- What intentions do you have for the teaching of your curriculum?
- What skills and knowledge would you like children to have?
Personal, Social, Health and Economic (PSHE) education is a school subject through which pupils develop the knowledge, skills and attributes they need to manage their lives, now and in the future. It helps children and young people to stay healthy and safe, while preparing them to make the most of life and work. PSHE education also helps pupils to achieve their academic potential.
A PSHE programme should also cover economic wellbeing, careers and enterprise education, as well as education for personal safety, including assessing and managing risk. Allfarthing’s Programme of Study sets out learning opportunities, based on three core themes: Health and Wellbeing, Relationships and Living in the Wider World.
- What will the children learn?
- What skills will be covered?
- What should we see in lessons?
- How will all learners be supported? (Reference MA, SEN)
- How do we provide a broad and balanced curriculum?
- Experiences in and out of school
- Prior Knowledge
- Varied delivery of lessons
During key stages 1 and 2, PSHE education offers both explicit and implicit learning opportunities and experiences which reflect pupils’ increasing independence and physical and social awareness, as they move through the primary phase. It builds on the skills that pupils started to acquire during the Early Years Foundation stage (EYFS) to develop effective relationships, assume greater personal responsibility and manage personal safety, including online. PSHE education helps pupils to manage the physical and emotional changes at puberty, introduces them to a wider world and enables them to make an active contribution to their communities.
Through the PSHE programme of study children will develop the knowledge, skills and attributes they need to manage their lives, now and in the future. This includes helping young people to:
Stay healthy and safe (both physically and mentally)
Build and maintain healthy and rewarding relationships
Manage conflict in relationships
Develop the skills for living in the wider world (including assessing and managing risk and life online, financial education and relationship and sex education (RSE))
Allfarthing Primary School delivers PSHE holistically through all aspects of school life. It is explored through planned sequences of lessons including The PATHS Programme for Schools, activities such as circle time, explicit teaching of behaviour for learning, assemblies and opportunities to participate in activities within the school and wider community.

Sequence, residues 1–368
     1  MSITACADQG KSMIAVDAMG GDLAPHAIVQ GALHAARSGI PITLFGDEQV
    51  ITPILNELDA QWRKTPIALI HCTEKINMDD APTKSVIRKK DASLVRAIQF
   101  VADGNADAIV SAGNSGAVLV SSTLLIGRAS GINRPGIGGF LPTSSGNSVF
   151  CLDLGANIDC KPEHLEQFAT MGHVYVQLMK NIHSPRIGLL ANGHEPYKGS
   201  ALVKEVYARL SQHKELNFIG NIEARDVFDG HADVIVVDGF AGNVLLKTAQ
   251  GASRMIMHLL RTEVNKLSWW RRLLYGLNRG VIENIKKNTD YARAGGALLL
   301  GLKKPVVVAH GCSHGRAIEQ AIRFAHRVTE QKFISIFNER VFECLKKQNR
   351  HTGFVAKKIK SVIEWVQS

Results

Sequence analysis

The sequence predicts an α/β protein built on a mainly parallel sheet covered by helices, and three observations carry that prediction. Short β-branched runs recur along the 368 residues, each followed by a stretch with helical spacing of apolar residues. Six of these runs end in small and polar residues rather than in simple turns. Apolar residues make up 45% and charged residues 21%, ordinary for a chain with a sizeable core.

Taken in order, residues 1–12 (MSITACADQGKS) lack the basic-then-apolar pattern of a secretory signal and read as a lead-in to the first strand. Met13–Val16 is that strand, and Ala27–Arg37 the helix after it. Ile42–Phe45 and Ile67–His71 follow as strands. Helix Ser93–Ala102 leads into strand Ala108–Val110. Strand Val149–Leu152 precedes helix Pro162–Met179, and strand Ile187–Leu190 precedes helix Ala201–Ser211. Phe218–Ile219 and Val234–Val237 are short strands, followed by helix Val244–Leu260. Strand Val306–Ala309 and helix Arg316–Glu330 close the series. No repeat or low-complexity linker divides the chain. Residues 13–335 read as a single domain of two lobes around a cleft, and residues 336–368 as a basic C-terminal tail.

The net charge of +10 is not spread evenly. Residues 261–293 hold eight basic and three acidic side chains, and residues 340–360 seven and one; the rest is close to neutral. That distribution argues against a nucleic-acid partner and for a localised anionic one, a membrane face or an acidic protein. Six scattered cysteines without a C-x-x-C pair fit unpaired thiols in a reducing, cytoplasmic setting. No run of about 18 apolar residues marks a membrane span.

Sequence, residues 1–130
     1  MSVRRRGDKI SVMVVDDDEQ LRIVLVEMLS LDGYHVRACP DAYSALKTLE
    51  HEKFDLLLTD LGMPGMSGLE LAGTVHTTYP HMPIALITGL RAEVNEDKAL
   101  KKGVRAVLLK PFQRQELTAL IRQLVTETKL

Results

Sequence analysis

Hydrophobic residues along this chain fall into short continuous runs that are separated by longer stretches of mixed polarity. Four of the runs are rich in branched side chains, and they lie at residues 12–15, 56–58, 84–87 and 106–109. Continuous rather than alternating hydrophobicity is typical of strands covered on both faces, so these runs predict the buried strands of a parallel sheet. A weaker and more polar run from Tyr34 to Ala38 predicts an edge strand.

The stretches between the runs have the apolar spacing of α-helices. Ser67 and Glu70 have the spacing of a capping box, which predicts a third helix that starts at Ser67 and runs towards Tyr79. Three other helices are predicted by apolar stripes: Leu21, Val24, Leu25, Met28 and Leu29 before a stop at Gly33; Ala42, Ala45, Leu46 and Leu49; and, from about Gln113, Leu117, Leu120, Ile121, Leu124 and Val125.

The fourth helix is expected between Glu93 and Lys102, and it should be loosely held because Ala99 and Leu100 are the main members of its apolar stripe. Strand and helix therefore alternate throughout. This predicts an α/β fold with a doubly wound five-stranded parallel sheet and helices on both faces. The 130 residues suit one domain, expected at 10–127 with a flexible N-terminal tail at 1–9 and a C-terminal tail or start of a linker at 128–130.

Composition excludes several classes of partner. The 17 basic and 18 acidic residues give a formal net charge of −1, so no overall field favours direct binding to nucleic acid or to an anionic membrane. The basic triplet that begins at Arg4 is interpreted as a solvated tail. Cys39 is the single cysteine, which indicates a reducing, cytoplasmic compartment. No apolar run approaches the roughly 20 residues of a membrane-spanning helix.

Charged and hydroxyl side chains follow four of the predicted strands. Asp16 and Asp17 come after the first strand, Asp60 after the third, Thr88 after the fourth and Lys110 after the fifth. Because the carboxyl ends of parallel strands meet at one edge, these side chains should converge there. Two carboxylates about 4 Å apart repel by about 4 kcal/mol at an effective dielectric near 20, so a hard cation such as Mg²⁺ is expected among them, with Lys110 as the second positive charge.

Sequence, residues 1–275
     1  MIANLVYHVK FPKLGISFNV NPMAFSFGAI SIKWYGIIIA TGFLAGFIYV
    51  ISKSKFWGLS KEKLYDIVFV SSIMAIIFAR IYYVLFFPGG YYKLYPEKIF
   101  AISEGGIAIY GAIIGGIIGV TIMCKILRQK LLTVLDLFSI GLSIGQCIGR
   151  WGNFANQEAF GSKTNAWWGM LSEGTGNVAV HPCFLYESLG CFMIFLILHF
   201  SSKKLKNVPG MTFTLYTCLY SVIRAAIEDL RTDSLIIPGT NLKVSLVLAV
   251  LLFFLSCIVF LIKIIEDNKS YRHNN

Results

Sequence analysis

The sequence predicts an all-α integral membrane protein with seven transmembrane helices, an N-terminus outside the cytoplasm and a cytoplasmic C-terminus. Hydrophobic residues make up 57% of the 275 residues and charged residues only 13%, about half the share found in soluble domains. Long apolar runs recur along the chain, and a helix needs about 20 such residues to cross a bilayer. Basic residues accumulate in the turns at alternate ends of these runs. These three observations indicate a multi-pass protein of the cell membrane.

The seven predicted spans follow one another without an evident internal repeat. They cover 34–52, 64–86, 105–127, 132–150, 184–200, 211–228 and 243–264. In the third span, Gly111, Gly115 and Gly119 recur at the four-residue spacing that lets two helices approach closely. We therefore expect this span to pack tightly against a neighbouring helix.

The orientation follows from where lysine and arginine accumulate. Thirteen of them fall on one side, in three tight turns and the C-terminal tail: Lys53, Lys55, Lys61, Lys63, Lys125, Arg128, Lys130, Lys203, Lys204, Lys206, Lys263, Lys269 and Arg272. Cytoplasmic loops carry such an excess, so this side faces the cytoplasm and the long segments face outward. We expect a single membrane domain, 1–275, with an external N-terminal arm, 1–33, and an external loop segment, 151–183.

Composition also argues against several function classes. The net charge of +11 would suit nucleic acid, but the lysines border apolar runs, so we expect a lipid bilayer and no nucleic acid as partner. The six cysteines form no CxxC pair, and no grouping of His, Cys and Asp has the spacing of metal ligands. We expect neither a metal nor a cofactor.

As well as covering the key skills, knowledge and understanding set out in the programme of study, each year group will adapt their lessons to address the specific needs of their class, as and when they arise, with a focus on developing focus areas of emotional literacy based on an annual survey.
While Allfarthing’s PSHE Programme of Study sets out learning opportunities for each Key Stage, in core themes and organised under subheadings, these learning opportunities should be used flexibly throughout the year according to pupils’ development, readiness and needs, and taking into account prior learning, experience and understanding. Learning from one area may be related and relevant to others. Whilst this framework distinguishes three separate core themes, there will be extensive overlap. For example, Relationships and Sex Education (RSE) falls within both ‘Health and Wellbeing’ and ‘Relationships’, as sexual health should always be considered as an element of health education but also taught within the context of healthy relationships. Allfarthing’s Programme of Study provides a spiral curriculum to develop knowledge, skills and attributes, where prior learning is revisited, reinforced and extended year on year.
- What impact will the above have on the learners in our school?
- How will you measure the impact of the curriculum?
- How are we preparing children for leaving primary school?
All teachers will keep a scrap book to record, monitor and assess the impact of PSHE lessons in their class. These may include feedback from the children, examples of work completed, photos of class discussions and pupils’ voice (examples of how they have resolved conflicts, what they have learnt in sessions, any questions they have for future sessions). This scrap book should be a working document which children feel ownership for. There will also be learning walks by the PSHE Subject Leader with the aim of gathering ideas to share practise with colleagues in staff meetings. Impact is also monitored through conversation with pupils, who should be able to explain what they have learnt and how this helps them with their learning now.
What do we expect for the children?
Through the PSHE curriculum, we expect children to develop confidence in themselves, the knowledge, and skills they need to live and maintain a healthy life (both physically and mentally), the ability to build and maintain relationship, to be able to live happily as a member of the school and wider community and to develop the skills that will enable them to excel in their future endeavours.